The questions remain and basketball fans debate.
How did the ILH 2, Punahou, get a less difficult path that ILH 1 Maryknoll? Why is St. Francis, the top seed in D-II, playing at home? Twice?
It all goes back to the HHSAA by-laws. A league champion must be split into a separate sub-bracket from its second-place team. In the case of Punahou, they’re the same sub-bracket as OIA champion Kalaheo (which lost last night to Moanalua). OIA 2 Kahuku and OIA 3 Kapolei ended up in the other bracket with ILH champion Maryknoll. In most years, this is a formality that makes sense. This year, Kalaheo’s title run in the OIA shook everything up. Perhaps it would have been within the bylaws to move OIA 3 Kapolei into the Kalaheo/Punahou sub-bracket.
As for St. Francis, what I’ve been told in years past is that very few schools offer to host state-tournament games. On the D-I side, the host sites are Moanalua and McKinley. On the D-II side, it’s St. Francis and Kaimuki, though conditions at Kaimuki necessitated a move to ‘Iolani for two games.
Not every school wants to host state-tourney games. The only tangible benefit is fundraising through the concession stand. Other than that, getting manpower there, adding hours to the life of an athletic director/site manager and other concerns aren’t as simple for some campuses.
The one caveat is that the HHSAA could switch sites of teams playing in the tournament. For example, St. Francis’ team could have played games in the Kaimuki (‘Iolani) sub-bracket. That used to happen more often in the past.
As for the semifinal round, we have three Goliaths and a David.
Here’s a look at tonight’s D-I semifinals in the Snapple/HHSAA Boys Basketball State Championships. Listed are the teams, overall records (including nonconference games) and regular-season records.
Maryknoll Spartans (27-6, 9-1 ILH) vs. Kahuku Red Raiders (26-4, 10-0 OIA East)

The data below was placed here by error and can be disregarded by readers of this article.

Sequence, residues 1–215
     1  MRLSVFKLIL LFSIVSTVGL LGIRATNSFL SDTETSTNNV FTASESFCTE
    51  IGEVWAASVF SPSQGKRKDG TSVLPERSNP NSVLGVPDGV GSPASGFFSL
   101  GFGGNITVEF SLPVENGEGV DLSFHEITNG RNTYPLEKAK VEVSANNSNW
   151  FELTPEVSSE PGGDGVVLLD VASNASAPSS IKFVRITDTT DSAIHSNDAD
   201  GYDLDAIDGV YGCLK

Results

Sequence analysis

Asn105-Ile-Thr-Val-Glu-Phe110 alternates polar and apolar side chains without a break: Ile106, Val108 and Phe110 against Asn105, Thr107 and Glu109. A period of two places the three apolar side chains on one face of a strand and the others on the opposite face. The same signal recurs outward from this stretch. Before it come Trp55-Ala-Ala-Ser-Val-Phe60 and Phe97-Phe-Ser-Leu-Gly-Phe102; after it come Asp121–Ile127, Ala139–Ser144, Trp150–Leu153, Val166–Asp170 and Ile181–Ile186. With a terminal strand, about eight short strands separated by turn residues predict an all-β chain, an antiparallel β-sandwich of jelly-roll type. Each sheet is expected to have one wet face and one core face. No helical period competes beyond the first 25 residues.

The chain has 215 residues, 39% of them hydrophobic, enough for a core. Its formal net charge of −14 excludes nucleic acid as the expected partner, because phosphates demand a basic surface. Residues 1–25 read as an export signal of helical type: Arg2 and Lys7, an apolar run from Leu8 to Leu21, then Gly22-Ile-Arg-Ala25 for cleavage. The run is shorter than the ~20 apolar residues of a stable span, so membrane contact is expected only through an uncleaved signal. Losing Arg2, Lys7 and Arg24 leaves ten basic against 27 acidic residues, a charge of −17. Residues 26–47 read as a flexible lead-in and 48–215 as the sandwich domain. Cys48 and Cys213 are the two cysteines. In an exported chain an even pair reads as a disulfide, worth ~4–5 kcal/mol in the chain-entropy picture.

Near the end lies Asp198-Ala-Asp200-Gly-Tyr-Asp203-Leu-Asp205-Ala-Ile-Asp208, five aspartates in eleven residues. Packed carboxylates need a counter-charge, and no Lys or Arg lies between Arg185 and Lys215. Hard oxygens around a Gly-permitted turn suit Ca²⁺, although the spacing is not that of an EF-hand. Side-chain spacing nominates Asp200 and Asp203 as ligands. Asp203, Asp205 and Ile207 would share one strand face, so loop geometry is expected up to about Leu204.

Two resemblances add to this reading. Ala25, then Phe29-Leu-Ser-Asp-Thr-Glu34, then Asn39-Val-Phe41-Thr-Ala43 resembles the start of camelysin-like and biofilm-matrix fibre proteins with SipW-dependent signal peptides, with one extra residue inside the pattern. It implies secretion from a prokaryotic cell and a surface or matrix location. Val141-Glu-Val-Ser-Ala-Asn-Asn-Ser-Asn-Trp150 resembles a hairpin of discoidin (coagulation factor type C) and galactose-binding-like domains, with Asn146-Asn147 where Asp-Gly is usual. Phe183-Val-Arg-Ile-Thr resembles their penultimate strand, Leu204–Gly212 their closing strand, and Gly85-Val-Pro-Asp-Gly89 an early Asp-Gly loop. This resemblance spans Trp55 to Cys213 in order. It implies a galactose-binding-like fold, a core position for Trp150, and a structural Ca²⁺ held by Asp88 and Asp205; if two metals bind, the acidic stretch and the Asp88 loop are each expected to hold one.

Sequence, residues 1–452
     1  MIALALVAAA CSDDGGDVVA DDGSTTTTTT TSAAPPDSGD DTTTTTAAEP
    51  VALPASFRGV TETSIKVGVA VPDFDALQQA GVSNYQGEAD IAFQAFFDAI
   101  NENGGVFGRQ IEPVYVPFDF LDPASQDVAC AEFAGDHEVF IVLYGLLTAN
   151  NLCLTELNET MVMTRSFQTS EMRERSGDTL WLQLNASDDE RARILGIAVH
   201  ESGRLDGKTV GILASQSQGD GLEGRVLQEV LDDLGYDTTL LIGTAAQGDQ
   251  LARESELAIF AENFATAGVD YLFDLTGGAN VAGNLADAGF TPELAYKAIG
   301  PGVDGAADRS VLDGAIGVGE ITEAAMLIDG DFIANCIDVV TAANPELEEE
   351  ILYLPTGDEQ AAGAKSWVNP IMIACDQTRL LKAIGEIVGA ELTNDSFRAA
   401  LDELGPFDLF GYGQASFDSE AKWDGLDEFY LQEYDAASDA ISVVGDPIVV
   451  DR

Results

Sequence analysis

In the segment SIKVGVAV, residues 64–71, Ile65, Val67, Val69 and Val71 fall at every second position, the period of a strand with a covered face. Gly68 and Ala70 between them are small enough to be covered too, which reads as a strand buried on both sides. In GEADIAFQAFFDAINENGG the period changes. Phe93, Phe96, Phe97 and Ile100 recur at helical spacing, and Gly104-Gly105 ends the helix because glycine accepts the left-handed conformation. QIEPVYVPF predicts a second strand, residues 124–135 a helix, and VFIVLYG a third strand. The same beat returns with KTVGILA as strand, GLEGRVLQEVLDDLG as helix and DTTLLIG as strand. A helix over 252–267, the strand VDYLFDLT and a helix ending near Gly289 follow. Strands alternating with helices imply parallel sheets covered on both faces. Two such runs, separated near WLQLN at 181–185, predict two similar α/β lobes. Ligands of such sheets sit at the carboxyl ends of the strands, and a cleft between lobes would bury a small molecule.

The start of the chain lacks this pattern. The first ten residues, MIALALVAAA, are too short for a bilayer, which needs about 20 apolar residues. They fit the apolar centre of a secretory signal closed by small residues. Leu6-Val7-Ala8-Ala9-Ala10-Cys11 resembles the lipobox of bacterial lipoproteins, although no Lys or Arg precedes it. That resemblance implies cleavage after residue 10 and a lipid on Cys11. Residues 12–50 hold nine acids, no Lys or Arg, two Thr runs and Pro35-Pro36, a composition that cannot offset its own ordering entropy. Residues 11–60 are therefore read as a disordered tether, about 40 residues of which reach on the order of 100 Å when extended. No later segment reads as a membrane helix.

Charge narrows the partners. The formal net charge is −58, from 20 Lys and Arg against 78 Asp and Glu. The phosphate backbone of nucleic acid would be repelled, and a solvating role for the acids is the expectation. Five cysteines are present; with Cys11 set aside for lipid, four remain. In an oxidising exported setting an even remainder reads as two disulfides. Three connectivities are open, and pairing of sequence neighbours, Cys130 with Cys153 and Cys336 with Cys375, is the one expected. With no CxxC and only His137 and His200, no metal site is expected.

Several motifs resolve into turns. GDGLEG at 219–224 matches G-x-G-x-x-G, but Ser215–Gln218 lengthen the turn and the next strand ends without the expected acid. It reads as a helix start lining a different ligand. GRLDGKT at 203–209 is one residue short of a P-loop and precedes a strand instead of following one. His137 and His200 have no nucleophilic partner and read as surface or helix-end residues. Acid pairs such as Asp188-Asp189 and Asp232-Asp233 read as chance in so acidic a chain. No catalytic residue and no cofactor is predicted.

Stan Sheriff Center
Seed: No. 1. ILH champion. Def. Kapolei 57-42 on Wednesday.
Seed: Unseeded. OIA runner-up. Def. Kamehameha-Hawaii 62-37 on Wednesday
Skinny: Both teams were superb in quarterfinal wins. Maryknoll started slowly against Kapolei’s 3-2 zone, but eventually took command and proved unstoppable. Defensively, the Spartans have a rare combination of superior on-ball pressure on the 3-point arc plus an active SWAT team on the blocks. Marcus Tobin, their 6-foot-7 junior, was highly energized with 14 points, 11 rebounds and three blocks against Kapolei.
Kahuku’s prowess depends greatly on 1) the maneuverability of 6-10 Tolu Smith, and 2) the ball movement that follows the double- and triple-teams on Smith. Until Ruanui Winitana sank consecutive 3-pointers, Kahuku’s game with Kamehameha-Hawaii was even.
Defensively, Kahuku is quick, physical and long. They might be more prone to hand-check fouls, but teams reliant on 3-point shooting won’t get a lot of clean looks. Maryknoll’s evolution since last season, when a 1-2-2 zone by Saint Louis knocked the Spartans out of the ILH playoffs, has been steady and impressive. The Spartans are more than willing to drive on defenses that overplay the perimeter.
Jaylen Cain (12 points) and Makoto Kamata (12) were consistent, and with Jordyn Perez and Isiah Gelacio balancing the floor from the perimeter, Maryknoll has five slashers who can shoot the 3.
X-factor: If Smith picks up Tobin on the 3-point arc, that opens the paint for Maryknoll’s slashers. Kahuku doesn’t delve too far away from its base man defense, but a few changes wouldn’t be a surprise. Or Smith might sit back in the paint until Tobin, who is more of a mid-range shooter, connects on a 3.